Mother of three, Joanna Minuzzo, 39, initially denied her son's request to wear a beautiful dress on her big day, however, she checked herself and let her toddler wear something that made him happy.
A 39-year-old mother from Scotland reportedly decided to let her son wear a beautiful dress to her wedding as he refused to put on anything else. Joanna Minuzzo, who now lives in Cairns, Australia with her husband Najee, 31 gave her son three outfit choices.
One of these choices included a kilt that represented her home country, however, her 2-year-old boy seemed awestruck by his sister's gorgeous dresses and wished to wear something along those lines. According to the Dailly Mail, Minuzzo's son first expressed his fascination with frocks back in January this year.
The toddler asked his mother if he could wear his sibling's cute Minnie Mouse dress. Initially, his mother denied his request, however, she did question her reaction later on. "To start with I told him no because boys don't wear dresses. Then I thought why not? Why can't he wear it? Who makes these rules? Who is he hurting? He is happy, why am I fighting it? Don't sweat the small stuff," recalled the 39-year-old.
A baby and toddler sleep consultant by profession, Minuzzo decided that she wanted her kids to be "free to be who they want to be" mentioning further that she was "guided" by her son. A week prior to the marriage she borrowed a stunning, puffy, blue dress from a friend for her baby boy to wear on their big day.
It was while going through the wedding photographs that Minuzzo witnessed pictures of men getting ready on May 11. After seeing how her husband helped their son get into his desired outfit and fully embraced his choice, the mother of three could not help but be touched by Najee's gesture.
"It gave me chills to see the photographs of my husband helping our son get ready and cemented exactly why I fell in love with him. Not many men would do that," expressed the newlywed bride. "He put the happiness of his son above everything else, he is an amazing dad, stepdad, and role model. The photo reflected a truly beautiful moment between father and son," added an emotional mother and wife.
Although his parents were accepting of their son's outfit choice, many people weren't. People were of the opinion that by allowing her son to wear such clothes, Minuzzo was "making him gay." Backing her decision the strong mother said, "I am raising children who feel secure enough in themselves to be true to who they really are." The 39-year-old shared how her actions were indeed normal.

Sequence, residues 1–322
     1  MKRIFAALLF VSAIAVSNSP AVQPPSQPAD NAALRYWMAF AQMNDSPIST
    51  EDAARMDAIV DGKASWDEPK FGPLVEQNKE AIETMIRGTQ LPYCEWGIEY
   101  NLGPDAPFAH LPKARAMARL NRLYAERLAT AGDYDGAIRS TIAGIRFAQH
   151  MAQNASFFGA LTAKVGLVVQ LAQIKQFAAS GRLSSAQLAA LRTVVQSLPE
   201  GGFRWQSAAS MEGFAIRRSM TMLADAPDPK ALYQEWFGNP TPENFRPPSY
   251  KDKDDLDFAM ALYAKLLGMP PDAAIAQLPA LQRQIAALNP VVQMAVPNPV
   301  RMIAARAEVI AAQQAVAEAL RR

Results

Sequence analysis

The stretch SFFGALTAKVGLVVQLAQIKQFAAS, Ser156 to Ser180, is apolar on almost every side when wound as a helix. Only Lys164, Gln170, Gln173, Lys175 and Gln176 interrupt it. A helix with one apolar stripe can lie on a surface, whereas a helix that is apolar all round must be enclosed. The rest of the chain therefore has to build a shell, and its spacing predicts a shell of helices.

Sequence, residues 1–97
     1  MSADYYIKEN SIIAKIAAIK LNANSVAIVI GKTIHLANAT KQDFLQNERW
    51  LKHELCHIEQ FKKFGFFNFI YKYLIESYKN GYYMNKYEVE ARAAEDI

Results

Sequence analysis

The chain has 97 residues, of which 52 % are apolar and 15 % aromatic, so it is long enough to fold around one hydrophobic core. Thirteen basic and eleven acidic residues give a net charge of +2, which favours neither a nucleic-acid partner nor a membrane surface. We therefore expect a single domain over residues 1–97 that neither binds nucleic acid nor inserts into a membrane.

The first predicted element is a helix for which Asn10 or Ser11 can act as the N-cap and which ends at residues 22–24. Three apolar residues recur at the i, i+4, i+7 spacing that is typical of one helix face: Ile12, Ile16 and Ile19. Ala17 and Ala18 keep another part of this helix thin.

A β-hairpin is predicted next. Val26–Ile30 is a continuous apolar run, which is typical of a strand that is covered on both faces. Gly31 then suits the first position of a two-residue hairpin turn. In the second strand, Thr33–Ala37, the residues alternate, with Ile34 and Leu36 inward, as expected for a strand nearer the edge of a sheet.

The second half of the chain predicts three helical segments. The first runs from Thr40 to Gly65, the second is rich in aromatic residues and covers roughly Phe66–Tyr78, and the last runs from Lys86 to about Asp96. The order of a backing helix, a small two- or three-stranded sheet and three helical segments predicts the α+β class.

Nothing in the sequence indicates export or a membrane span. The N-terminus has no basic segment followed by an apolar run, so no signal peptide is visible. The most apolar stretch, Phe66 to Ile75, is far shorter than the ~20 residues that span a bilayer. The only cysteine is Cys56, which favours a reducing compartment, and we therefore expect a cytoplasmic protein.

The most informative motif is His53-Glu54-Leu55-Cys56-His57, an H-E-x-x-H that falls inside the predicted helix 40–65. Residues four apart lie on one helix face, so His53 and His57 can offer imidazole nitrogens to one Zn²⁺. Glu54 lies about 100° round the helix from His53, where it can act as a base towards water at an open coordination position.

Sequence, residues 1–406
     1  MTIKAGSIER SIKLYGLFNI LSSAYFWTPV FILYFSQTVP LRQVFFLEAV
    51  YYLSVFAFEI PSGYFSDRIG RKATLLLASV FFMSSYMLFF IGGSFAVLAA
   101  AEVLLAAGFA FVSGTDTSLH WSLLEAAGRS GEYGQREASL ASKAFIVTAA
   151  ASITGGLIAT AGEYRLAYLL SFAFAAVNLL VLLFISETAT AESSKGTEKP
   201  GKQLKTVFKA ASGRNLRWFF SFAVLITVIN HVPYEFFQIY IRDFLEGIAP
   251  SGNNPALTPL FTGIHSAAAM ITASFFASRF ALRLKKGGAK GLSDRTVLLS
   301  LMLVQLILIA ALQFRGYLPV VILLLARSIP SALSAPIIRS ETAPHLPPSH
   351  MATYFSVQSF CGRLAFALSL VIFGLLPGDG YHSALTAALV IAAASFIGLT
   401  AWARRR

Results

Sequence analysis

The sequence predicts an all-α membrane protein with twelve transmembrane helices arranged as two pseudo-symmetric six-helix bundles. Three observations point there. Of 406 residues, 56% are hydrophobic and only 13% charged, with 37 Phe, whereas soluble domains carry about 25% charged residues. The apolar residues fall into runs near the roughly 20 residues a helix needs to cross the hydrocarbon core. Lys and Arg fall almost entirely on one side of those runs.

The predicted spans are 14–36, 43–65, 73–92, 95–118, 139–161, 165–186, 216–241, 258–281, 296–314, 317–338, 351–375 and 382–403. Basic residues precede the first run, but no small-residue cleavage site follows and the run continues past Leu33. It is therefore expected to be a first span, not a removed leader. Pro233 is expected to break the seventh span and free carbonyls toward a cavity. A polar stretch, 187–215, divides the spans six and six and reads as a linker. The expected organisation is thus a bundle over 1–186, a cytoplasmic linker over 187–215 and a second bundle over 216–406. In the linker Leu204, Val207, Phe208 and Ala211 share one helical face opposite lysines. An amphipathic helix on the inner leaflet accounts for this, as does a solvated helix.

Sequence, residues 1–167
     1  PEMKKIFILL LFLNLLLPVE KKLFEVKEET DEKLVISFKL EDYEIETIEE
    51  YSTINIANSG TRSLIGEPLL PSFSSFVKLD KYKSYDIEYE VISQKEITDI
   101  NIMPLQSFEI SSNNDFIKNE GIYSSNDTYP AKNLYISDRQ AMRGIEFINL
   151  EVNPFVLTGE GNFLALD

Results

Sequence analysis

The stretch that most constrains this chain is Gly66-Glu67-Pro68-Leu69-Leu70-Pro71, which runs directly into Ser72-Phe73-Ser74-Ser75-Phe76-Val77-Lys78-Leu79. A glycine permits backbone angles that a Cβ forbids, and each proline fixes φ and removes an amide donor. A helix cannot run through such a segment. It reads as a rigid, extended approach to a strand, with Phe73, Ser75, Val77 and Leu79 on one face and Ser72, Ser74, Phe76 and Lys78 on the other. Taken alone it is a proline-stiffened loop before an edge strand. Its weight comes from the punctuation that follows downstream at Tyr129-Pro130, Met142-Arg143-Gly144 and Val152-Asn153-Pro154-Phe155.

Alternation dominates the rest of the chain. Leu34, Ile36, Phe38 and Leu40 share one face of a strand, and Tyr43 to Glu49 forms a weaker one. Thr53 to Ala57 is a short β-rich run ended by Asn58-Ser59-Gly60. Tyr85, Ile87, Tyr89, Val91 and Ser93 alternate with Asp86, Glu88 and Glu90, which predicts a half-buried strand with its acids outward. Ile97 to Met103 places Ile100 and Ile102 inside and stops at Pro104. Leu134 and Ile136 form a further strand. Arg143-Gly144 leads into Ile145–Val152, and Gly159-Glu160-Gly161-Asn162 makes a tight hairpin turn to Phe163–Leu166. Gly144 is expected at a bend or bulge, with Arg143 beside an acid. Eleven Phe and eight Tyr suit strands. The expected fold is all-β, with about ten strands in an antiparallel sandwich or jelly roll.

"My son likes to wear them [dresses]. He is two, he doesn't even know he is a boy yet or that there is a difference between him and his sisters. It's not complicated, I don't have to dress him in traditional boys' clothes just because that's the norm and acceptable. There may come a time soon when he doesn't want to wear a dress or girls' clothes. I will be guided by him," she said.
"To be kind and inclusive to others too. We have a generation of adults who are too afraid of being themselves because of the fear of being judged," continued Minuzzo. "I want my children to know that the only person's opinion of them that matters is their own."
Emphasizing on the importance of having an impartial judgment as a parent she said, "My children trust me, they can come to me when they have problems and they know I won't judge them. My seven-year-old has amazing emotional literacy and I'm so, so proud of that." Explaining her views further, she added, "I don't want my children thinking they have to conform to stereotypes that don't serve them."
"I can't stand it when people tell my girls to be ladylike. What the hell is that anyway? Who makes these rules and why are there different to rules for men?" said Minuzzo talking about the prevalent gender bias. "Equally I can't stand it if I hear, "boys don't cry". That really grinds my gears. We end up with men that can't express how they feel and an unequal society, it's just toxic."
Finally, she expressed, "I'm not doing anything revolutionary or new, I am being respectful of my children's choices. It's not harming anyone, it's not that big a deal to allow your children that little bit of autonomy." It's just her children's' happiness that matters to her and not the socially accepted norms.